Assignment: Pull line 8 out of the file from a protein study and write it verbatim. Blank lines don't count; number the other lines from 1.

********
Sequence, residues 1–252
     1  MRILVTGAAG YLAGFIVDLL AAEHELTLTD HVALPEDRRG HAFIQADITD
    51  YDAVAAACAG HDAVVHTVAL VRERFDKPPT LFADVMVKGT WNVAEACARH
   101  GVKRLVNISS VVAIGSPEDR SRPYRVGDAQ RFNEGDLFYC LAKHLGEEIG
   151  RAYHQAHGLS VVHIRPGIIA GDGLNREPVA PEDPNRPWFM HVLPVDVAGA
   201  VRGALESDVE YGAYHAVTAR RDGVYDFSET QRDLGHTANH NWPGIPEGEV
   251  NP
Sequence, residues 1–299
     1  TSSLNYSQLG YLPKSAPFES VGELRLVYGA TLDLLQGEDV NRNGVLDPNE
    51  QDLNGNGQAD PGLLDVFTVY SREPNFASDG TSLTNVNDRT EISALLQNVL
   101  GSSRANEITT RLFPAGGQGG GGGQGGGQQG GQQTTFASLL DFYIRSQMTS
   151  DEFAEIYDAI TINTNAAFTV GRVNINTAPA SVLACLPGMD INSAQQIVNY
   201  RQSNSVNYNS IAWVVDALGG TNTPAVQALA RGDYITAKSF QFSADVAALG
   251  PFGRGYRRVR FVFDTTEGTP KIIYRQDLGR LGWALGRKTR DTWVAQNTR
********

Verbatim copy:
Sequence, residues 1–299